Toyota CEO Akio Toyoda was delighted when the Japanese carmaker sold General Motors in the United States last year.
GM was dethroned as the country’s top-selling automaker in 2021 as it struggled with supply chain shortages. Sales fell 13 percent to 2.2 million cars, from 2.5 million in 2020. Toyota had a much more fruitful year in the US, as sales rose 10.4 percent to 2.3 million cars.
Speaking to reporters at a recent press conference, Toyoda said he broke into dancing after seeing the news. Business Insider reports.
“I was actually doing a little happy dance in my office,” Toyoda said. “Luckily no one saw it!”
When Toyota and GM announced their 2021 sales figures earlier this year, Jack Hollis, Toyota North America’s Senior Vice President of Automotive Operations, said it probably wouldn’t stay that way.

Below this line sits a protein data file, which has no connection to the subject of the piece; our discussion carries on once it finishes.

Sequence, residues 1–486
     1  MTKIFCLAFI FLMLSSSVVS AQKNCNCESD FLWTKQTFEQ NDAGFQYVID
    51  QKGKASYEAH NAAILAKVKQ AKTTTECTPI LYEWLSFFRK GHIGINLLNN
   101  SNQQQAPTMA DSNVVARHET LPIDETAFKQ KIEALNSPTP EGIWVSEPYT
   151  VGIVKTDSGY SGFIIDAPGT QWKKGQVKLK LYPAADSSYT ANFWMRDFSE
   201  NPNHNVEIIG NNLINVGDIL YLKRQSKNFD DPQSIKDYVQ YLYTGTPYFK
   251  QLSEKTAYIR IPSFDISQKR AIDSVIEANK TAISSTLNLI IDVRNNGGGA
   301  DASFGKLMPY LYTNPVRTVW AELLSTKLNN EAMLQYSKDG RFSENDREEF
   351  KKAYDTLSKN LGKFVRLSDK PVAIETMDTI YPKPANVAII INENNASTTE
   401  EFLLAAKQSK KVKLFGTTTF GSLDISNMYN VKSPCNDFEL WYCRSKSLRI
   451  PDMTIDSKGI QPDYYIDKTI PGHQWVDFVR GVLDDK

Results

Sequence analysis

“Yes, we have indeed surpassed General Motors in sales,” he said. “But just to be clear, that’s not our goal and we don’t see it as sustainable.”
Read more: After 90 years as the US’s top-selling automaker, GM is dethroned by Toyota
Toyota would have surpassed GM in 2021, thanks in large part to better management of its supply chains. However, that does not mean that the automaker will not continue to fight shortages.
Toyota recently confirmed that it will cut production by about 50,000 units in October, taking planned production from 800,000 units to 750,000 units. The factories in Motomachi, Takaoka, Tsutsumi, Tahara, Miyata, Inabe and Hino’s Hamura will all experience production stoppages ranging from a few days to more than a week.